Even though I never met Doris Langley Moore and only know a little about her, she has been an inspiration to me.
Born in 1902 and educated in classical languages, Moore wrote several books including a biography of Lord Byron, an etiquette book for society hostesses, and a tongue-in-cheek self-help book called The Technique of the Love Affair – a work Dorothy Parker reviewed in the New Yorker for having “…considerable sense. If only it had been placed in my hands years ago, maybe I could have been successful instead of just successive.”
Moore was also one of the fashion historian pioneers, along with Anne Buck, James Laver and C. Willett Cunnington, who transformed historical fashion research into a reputable field of study. Moore, like many fashion historians, began as a collector, filling her house in London until she had to move to a small flat nearby.
With the opening of the Gallery of Costume in Manchester in 1947 (the first museum in the UK dedicated solely to the history of dress) Moore sought to establish a similar museum using her own collection. The Queen Mother was a fan of Moore’s work and with her influence, Moore established exhibitions at Eridge Castle in Kent and the Royal Pavillion in Brighton. In 1956 Moore worked with the BBC to create a series of colour films about the history of fashion, showing the clothes on models to demonstrate how the historic dresses were worn and moved.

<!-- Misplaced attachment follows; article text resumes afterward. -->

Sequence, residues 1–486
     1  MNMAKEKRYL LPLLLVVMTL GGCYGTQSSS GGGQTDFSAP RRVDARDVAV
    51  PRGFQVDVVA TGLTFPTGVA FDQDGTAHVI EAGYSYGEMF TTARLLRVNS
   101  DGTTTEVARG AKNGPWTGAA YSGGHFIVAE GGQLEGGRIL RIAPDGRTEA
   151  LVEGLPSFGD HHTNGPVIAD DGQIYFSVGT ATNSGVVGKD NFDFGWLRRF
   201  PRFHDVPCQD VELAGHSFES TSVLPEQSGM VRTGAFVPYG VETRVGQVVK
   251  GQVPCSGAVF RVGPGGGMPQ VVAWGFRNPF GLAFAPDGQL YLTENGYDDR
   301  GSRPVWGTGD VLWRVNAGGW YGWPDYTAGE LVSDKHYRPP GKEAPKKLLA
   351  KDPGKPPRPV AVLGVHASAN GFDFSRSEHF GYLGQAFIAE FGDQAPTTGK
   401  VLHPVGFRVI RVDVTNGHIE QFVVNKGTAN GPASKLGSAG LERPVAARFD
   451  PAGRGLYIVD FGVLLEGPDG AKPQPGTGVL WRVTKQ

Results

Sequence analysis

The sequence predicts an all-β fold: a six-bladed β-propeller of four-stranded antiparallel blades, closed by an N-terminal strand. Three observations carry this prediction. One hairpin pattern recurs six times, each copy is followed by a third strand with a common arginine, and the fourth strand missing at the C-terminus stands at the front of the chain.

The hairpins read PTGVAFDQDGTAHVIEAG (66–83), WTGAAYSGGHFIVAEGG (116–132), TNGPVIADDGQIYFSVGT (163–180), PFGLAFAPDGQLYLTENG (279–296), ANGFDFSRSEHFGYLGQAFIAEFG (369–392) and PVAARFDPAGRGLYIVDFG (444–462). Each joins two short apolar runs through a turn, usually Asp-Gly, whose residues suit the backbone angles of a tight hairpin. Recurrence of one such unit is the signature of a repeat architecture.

Although no reputable museum today would consider using their collection in such a manner, these films are worthy documents. I did fashion shows for twenty years, and although the clothes I used in the shows were never from my ‘A-list’ collection and I had very few cases of damage (popped hooks and eyes mostly), I didn’t want the Fashion History Museum to get the reputation for being a giant tickle trunk. Now I am keen in creating a fashion show of forgeries – copies of period dress that are so good they would fool the best expert!
As for Moore’s collection, it was eventually donated to the City of Bath and was opened in the Bath Assembly Rooms in 1963. The Bath Costume Museum renamed itself the Fashion Museum in 2007. Here are the six films (shown in two parts each) created by Moore and released in 1957.